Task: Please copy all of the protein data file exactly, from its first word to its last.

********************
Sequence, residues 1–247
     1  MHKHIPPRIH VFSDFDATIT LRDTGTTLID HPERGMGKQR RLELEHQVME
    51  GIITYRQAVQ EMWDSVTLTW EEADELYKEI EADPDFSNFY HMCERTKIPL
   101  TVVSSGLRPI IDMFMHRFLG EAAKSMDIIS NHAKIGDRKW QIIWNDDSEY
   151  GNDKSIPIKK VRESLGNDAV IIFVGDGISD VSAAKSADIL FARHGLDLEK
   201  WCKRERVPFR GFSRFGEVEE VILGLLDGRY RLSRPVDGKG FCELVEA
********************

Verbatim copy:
Sequence, residues 1–247
     1  MHKHIPPRIH VFSDFDATIT LRDTGTTLID HPERGMGKQR RLELEHQVME
    51  GIITYRQAVQ EMWDSVTLTW EEADELYKEI EADPDFSNFY HMCERTKIPL
   101  TVVSSGLRPI IDMFMHRFLG EAAKSMDIIS NHAKIGDRKW QIIWNDDSEY
   151  GNDKSIPIKK VRESLGNDAV IIFVGDGISD VSAAKSADIL FARHGLDLEK
   201  WCKRERVPFR GFSRFGEVEE VILGLLDGRY RLSRPVDGKG FCELVEA